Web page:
This photo from June shows it better.   I’d hoped that the arch would be complete this year but we’re not quite there.   Perhaps next year.  Directly ahead, on the-path-to-nowhere, are the two Verbena bonariensis beds.

Verbena bonariensis (2)

I’ve mentioned these often enough and will only say, once more, how simple they are to grow and maintain.  I also bang on about them being a brilliant draw to butterflies … but not in 2016.   Has anyone else noticed far fewer butterflies this summer?

Verbena bonariensis (1)

Changes in the garden are afoot and the Verbena bonariensis block planting might be done away with – or at least moved elsewhere.  Update in due course.

Rock Border

To our right is the Rock Border which is primarily a spring border and mostly at rest in summer.

Rock border (3)

May 2016

In May, Forget-me-not, aquilegia, alliums, ferns, Viburnum opulus ‘Roseum’ and others give it sparkle;

Rock border (2)

and here’s a sneaky peek at its June backside (from the path leading to the greenhouses).  The ‘Roseum’ is still in flower; as is a pink weigela with gorgeous Silene fimbriata below.

Tropical Border

To our left from the beech arch is the Tropical Border just getting under way in July.  I’ll do a post about that soon.


Beyond the Tropical Border and to our left is the back of the house where I’ve lined one wall with lavender;

Cacti and succulents

and beyond that, I hide an old drain cover with pots of succulents and cacti wheeled out from the greenhouse.

Cacti and succulents (2)

May 2016

I bring these out in April or May to bask in this hot, south-facing corner until September/October when they return under glass.  By then each pot will be home to a host of forget-me-not seedlings too … but weeding those out is a pleasant enough task on a rainy morning, in the greenhouse with the radio and a mug of tea.

Kidney beds (2)

Turning our back on the house, we’ll cross the east lawn to where, against one of Margaret’s fields, sit the Kidney Beds.

Kidney beds (3)

I’ve struggled with these borders over the years … if always with the best of intentions to “sort them out”.  They are the least visited borders in the gardens and readily slide down the pecking order in my weeding and general care schedule when pressed for time.  I did have big plans to tackle them last autumn but heavy rain and sloppy soil put paid to that.  Perhaps this year.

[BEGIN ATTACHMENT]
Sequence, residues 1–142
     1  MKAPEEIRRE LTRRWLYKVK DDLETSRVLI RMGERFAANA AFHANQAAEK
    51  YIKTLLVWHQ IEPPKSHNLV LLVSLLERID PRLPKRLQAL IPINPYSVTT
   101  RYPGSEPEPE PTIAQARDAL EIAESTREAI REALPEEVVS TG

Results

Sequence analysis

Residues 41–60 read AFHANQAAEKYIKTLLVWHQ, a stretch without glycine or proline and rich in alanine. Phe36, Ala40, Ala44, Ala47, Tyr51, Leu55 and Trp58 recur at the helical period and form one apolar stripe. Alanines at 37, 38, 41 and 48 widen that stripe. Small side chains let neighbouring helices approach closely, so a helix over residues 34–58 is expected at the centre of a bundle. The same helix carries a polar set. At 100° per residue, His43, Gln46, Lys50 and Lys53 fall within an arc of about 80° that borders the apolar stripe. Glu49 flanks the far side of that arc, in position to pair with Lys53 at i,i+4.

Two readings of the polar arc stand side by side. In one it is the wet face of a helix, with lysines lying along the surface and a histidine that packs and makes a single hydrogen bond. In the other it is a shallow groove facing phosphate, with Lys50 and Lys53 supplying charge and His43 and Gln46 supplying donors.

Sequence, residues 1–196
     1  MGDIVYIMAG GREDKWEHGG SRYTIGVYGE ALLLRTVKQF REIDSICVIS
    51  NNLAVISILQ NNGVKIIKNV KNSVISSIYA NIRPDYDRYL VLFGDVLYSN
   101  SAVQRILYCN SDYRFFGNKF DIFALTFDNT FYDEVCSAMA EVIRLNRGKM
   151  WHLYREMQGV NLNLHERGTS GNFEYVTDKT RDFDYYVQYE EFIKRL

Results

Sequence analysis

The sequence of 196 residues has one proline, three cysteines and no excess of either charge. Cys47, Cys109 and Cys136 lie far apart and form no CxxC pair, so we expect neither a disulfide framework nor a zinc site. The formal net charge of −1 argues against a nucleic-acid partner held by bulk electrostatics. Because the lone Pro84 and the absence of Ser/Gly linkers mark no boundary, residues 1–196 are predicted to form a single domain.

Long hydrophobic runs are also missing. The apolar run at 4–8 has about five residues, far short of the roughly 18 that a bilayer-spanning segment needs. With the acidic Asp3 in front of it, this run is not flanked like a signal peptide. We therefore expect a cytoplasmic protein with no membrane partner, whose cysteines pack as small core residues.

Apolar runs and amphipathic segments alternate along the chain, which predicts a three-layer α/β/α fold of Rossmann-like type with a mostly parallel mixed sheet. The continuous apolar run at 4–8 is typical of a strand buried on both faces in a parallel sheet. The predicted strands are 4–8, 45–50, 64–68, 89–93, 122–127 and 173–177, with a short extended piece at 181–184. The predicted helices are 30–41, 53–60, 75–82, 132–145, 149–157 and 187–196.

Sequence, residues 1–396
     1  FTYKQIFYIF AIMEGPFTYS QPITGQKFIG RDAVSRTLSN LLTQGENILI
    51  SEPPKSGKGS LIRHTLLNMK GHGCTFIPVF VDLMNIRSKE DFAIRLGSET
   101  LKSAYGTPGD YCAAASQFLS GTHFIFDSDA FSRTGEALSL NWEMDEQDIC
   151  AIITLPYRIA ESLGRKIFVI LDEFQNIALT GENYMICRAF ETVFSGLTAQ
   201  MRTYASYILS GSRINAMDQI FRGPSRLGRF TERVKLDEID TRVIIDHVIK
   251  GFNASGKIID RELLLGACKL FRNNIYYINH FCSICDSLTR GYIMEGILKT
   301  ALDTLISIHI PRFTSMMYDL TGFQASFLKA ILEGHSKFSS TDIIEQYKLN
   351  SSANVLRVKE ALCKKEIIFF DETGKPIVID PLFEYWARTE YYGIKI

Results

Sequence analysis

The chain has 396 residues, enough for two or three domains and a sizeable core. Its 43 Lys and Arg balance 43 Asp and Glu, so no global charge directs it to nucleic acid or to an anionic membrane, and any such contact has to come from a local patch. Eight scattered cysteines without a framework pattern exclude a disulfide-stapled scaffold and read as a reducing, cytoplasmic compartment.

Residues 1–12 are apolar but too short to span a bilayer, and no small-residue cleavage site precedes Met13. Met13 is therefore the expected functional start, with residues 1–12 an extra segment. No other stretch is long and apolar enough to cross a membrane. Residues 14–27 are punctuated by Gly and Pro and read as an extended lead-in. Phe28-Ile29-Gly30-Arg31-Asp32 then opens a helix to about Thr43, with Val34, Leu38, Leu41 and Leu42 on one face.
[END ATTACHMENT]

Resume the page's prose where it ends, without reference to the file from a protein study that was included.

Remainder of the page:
Kidney beds (1)

But despite their casual neglect they produce a lot of flower and colour – if the structure lets them down somewhat.  They’re definitely best viewed at a distance – let’s move on (before you notice the bindweed, dead-nettle, carex and bramble seedlings).

Duck nest box (2)

Turning away from the Kidney Beds, we’ll march smartly over to the east pond.  I planted a tiny corkscrew willow (Salix matsudana ‘Tortuosa’ ) on the island a couple of years ago (not so tiny now), built a duck nest-box and had big hopes for mallard ducklings.

Duck nest box

February 2016

But despite some initial interest, we had no ducklings (unless they were eaten before I saw them).  Perhaps next year.

Duck nest box (1)

Across the pond is the rose tunnel and long borders which I’ll show you in a moment; but first we’ll cross over to the meadow.

Phyllostachys aureosulcata 'Spectabilis'

In a shady corner of this one acre-site are four bamboos including this Phyllostachys aureosulcata ‘Spectabilis’.  It has thrived here, shot up to about fifteen feet and, with its companions,  doing what I hoped: obscuring a power-line utility pole.  Spectabilis has lovely gold and green striped culms with a curious kinked habit, which I reveal by stripping away their lower growth.  In autumn, I give all the bamboos a thick mulch of leaf mould or garden compost; and do so again in spring with a liberal dose of pelleted chicken manure.  Now that they’re established, I only water them during very dry spells (much to the disgust of a family of field mice who hurriedly flee as their holes fill with water.  Sorry mice).